It is a new practice which makes us fear the worst. The website The Information reports that Google management asked managers to identify 6% of employees, or nearly 10,000 people, as “low performers.” This method is enough to make employees very nervous, and raises fears of a massive layoff plan within the Tech giant.
Google bosses “oppose us in a Hunger Games”
Especially since, in a hurry to speak on the subject, the management has absolutely not excluded this possibility, leaving free rein to speculation. If the tension is rising internally, it is mainly because the results are not as good as in the past. During the last quarter, Google announced an increase in its turnover of 6%, the second lowest growth rate in its history.
But proceeding with a massive layoff plan at Google would be a historic first. The tech giant has rather distinguished itself as a stable pole of attraction for all employees in the sector in the past. Except that the leaders could precisely want to break this image to install a climate of fear internally. This is in any case the point of view defended by a former executive of the company, quoted by our colleagues from Business Insider.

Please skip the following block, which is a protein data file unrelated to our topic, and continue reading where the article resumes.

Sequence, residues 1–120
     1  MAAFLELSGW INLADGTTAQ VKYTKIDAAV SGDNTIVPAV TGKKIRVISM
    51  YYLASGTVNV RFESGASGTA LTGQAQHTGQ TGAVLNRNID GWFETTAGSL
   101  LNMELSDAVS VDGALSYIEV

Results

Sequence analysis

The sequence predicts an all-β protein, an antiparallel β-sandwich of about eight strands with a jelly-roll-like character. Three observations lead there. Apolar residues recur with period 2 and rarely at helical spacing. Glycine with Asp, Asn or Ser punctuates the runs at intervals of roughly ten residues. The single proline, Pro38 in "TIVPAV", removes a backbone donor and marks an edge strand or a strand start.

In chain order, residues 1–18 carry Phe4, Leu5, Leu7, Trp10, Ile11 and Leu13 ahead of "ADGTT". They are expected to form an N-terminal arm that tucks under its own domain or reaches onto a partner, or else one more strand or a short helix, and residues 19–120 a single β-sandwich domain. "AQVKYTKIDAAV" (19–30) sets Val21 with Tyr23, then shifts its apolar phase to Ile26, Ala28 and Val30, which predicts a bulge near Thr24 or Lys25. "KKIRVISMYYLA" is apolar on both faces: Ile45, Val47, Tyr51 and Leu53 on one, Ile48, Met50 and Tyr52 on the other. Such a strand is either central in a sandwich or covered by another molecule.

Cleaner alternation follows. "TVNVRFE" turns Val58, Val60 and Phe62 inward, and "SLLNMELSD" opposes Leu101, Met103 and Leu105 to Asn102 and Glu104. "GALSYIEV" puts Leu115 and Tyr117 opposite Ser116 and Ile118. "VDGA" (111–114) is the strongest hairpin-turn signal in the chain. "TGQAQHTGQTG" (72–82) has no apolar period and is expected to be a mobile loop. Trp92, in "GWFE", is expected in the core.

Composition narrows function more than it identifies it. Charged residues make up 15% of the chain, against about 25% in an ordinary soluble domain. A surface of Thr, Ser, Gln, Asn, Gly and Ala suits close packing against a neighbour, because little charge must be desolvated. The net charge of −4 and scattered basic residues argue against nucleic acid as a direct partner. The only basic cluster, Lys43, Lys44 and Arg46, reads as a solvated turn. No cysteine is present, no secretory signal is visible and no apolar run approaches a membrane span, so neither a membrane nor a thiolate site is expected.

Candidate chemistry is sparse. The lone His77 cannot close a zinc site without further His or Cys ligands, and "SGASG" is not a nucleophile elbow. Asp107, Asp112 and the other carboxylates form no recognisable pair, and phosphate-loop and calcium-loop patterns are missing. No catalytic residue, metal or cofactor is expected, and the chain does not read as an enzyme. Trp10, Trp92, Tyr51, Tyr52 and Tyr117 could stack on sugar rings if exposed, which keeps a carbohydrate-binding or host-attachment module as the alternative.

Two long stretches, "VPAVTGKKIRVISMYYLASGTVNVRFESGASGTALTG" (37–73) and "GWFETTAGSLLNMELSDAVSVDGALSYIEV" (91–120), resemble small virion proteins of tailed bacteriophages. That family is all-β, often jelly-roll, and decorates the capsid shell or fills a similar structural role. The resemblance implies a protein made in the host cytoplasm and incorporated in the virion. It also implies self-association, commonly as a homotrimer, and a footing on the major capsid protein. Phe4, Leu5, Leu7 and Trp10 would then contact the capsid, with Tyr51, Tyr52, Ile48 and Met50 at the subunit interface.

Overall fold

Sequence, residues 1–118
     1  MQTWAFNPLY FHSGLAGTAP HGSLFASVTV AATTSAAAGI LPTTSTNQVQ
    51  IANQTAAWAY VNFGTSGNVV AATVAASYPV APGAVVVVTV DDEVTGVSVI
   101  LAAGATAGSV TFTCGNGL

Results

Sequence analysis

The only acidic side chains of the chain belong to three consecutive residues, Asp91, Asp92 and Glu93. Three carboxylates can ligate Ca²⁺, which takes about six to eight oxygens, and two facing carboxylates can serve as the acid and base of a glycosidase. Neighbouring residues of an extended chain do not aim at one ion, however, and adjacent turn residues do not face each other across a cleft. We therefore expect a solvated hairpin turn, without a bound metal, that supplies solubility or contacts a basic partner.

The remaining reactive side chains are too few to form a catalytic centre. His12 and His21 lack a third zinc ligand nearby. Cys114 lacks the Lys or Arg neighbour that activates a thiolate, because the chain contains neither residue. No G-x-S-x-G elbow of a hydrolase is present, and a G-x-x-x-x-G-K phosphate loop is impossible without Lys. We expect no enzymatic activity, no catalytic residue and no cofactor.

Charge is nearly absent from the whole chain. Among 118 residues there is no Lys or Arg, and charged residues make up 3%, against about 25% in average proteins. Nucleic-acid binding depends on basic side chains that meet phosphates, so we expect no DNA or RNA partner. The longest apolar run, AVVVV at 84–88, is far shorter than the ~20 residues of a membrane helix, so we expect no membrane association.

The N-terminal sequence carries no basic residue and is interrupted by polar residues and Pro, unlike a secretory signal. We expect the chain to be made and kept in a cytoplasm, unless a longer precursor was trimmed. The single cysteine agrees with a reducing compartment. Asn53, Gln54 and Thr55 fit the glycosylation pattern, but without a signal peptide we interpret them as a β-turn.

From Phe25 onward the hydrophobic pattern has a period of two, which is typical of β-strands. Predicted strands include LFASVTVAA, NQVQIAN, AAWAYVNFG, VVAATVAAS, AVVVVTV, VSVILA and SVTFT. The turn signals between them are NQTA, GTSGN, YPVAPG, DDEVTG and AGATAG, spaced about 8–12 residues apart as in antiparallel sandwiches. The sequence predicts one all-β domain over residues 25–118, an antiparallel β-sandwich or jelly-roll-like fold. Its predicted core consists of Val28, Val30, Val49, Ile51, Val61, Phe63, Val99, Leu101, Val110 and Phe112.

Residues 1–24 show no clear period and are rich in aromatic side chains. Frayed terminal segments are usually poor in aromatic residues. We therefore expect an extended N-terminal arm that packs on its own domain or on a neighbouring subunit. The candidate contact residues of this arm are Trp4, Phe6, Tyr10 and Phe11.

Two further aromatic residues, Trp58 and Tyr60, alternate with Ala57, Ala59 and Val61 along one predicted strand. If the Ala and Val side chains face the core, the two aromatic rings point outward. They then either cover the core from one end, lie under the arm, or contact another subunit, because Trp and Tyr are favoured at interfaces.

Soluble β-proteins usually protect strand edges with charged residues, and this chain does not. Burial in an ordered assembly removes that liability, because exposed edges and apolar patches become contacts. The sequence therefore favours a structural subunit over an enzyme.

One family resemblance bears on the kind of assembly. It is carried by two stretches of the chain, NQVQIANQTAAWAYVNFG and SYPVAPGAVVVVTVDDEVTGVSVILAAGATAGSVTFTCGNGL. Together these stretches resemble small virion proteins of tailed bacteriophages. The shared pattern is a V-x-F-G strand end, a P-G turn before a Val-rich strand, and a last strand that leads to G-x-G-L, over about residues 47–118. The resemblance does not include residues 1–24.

For its part, the Alphabet Workers Union, which represents a thousand employees, also reacted through Jenny Rosewood, one of its members:
Today, our billionaire bosses are pitting us against each other in a Hunger Games-like competition for our jobs, making us work to exhaustion for fear of layoff, and could arbitrarily lay off thousands of our colleagues and comrades. .
On the management side, we prefer to calm the game. Changes to the performance evaluation system would simply be a means of improving employee production. An argument that does not convince employees who are always preparing for the worst.
Layoffs are on the rise in the world of Tech
If Google decided to proceed with a layoff plan, it would join other Tech giants who have already taken the plunge. This is particularly the case for Twitter and Meta, while Amazon is preparing to take action.
Overall, the numbers are starting to look impressive, and according to data from the firm Challenger, Gray & Christmas, reported by our colleagues, the total number of job cuts amounts to 31,200 within the sector, just for the month of November in the United States.